Earlier in February 2018, Stephen Balogh and I attended the third annual Geo4Lib Camp at Stanford University. Over the years, this conference has been a wonderful chance to participate in the growing community of open source development for GIS data discovery and metadata creation. 2018’s meeting included a nice mixture of people who have shaped GeoBlacklight from the beginning and new people, who are looking to develop spatial data discovery strategies at their respective institutions. Here’s five things that we learned at the conference and un-conference sessions that we’ll be taking back to NYU.
- Open source development projects are egalitarian in many interesting and complex ways. Several sessions emerged on the idea of governance within the GeoBlacklight community. How do we reach consensus on design needs and priorities? Which voices tend to influence the direction of software development? How do people who don’t have a deep skill set in developing and coding contribute? Should there be a standard of conduct, at least, to which the community ascribes? These are questions that just about every open source project deals with. At Geo4Lib, we discussed these questions and more in several sessions. Jack Reed shared a few resources, including Jono Bacon’s The Art of Community, and the “Request for Change” process that the ember.js project uses to push ideas and work forward. He also shared some critical philosophical concepts of the Blacklight project that are helpful, such as the idea of semantic versioning and developing without pushing breaking changes. I was on an information panel that also shared some basics of contributing to the community, but I plan on blogging about this in more depth on my personal GitHub pages later. Generally speaking, the GeoBlacklight project has a fairly well-established set of norms for apportioning work and developing, but these can continue to be crystallized moving forward so that even more people contribute work and ideas.
- The community continues to develop support for index map discovery interfaces that are intuitive and visually compelling. Over the 2018 Winter Community Sprint, Jack Reed, Eric Larson, and others worked to further bolster OpenIndexMaps, a GeoJSON-based specification that allows for fluid integration with IIIF and offers seamless discovery of individual maps within a series. Stanford has already released a prototype, and other institutions plan to follow suit in their own instances of GeoBlacklight. At NYU, we recently added several index maps for large sets (see example) into our discovery interface, and we will make it a project this spring to convert these view to the new specification. It’s on the to-do list.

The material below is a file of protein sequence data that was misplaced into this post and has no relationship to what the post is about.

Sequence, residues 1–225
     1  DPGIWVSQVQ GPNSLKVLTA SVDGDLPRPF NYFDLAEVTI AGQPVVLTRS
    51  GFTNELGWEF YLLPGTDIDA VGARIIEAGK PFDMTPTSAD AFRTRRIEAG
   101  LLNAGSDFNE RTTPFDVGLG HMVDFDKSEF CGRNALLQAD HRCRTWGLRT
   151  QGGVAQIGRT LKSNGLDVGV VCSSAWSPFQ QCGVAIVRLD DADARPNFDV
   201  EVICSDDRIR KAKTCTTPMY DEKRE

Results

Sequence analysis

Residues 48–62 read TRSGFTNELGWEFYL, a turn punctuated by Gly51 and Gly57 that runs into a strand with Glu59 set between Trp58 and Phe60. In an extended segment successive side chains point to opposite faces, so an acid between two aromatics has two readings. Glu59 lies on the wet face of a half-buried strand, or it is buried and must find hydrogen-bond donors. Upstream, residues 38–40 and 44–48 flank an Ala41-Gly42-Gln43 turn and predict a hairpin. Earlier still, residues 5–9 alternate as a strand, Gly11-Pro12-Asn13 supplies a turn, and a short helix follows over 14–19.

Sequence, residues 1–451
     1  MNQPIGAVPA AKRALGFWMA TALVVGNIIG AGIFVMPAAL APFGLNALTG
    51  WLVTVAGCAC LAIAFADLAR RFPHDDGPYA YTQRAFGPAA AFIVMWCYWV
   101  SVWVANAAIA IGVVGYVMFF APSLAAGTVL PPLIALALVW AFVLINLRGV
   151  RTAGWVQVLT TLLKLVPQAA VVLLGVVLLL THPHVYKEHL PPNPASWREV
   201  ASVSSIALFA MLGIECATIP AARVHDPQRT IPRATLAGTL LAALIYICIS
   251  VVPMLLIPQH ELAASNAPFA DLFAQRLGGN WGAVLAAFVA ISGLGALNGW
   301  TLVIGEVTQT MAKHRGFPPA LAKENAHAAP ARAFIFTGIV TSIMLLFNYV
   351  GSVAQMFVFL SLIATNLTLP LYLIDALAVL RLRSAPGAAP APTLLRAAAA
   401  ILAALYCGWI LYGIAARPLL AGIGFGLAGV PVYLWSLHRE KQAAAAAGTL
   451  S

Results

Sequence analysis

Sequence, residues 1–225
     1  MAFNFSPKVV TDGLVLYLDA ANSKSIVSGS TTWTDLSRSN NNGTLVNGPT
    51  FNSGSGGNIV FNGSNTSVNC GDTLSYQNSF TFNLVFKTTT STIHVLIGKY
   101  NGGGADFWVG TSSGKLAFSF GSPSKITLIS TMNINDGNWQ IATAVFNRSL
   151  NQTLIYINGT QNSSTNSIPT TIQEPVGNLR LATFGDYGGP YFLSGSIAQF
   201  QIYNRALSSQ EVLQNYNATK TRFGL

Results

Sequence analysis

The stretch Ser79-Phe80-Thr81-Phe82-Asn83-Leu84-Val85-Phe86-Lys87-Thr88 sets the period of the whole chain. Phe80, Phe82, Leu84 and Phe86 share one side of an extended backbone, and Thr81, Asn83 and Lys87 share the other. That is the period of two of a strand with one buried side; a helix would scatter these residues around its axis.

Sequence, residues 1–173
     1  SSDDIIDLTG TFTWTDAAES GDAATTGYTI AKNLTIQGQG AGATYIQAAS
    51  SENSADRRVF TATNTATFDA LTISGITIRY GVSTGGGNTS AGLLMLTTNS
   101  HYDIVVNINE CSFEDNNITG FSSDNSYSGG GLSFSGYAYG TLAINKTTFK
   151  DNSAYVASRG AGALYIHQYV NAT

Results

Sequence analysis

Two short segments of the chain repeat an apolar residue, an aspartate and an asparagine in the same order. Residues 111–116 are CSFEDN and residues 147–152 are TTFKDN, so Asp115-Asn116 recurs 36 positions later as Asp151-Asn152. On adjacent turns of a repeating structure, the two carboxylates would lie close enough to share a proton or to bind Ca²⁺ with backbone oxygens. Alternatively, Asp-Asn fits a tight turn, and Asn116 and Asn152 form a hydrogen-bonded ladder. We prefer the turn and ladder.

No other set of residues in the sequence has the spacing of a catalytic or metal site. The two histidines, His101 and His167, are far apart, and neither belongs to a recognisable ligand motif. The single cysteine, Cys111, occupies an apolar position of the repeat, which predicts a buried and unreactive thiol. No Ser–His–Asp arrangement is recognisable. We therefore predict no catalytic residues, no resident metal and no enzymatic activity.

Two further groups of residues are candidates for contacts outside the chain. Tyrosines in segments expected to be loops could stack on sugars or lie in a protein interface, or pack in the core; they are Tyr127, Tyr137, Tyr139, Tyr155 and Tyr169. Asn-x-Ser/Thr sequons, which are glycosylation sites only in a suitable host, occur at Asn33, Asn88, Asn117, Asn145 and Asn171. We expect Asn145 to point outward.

- You can use GIS software and tools to generate operable GeoBlacklight metadata. And I’m not talking about ArcCatalog, or other traditional metadata editors. Tom Brittenacher at UC Santa Barbara presented some great strategies for using the fishnet tool in ArcMap to overlay vector gridlines that can be used for metadata creation. Kudos to Tom for modeling this method for making metadata authoring more efficient.
- San Francisco is a city that has been mapped and contested vis-a-vis the construction of maps for hundreds of years. This was the main idea of David Rumsey’s plenary talk on the second day of the conference. David Rumsey had given an earlier version of this excellent synthesis at the San Francisco Modern Museum of Art’s Public Knowledge series. Rumsey showed numerous examples from his map collection of ways in which ideas about space, access, and communal identity have been drawn onto maps of San Francisco over time.
- Darren Hardy planned a great conference, and he will be missed by colleagues at Stanford University and beyond. Although we didn’t technically learn this at Geo4Lib Camp, Darren Hardy has recently announced that he is leaving Stanford to take another position in the private sector in Colorado. Darren is one of the original developers on the GeoBlacklight project, and his work in organizing the conference for the past three years and on software development within the community has been significant. We hope that Darren will remain in contact with our project!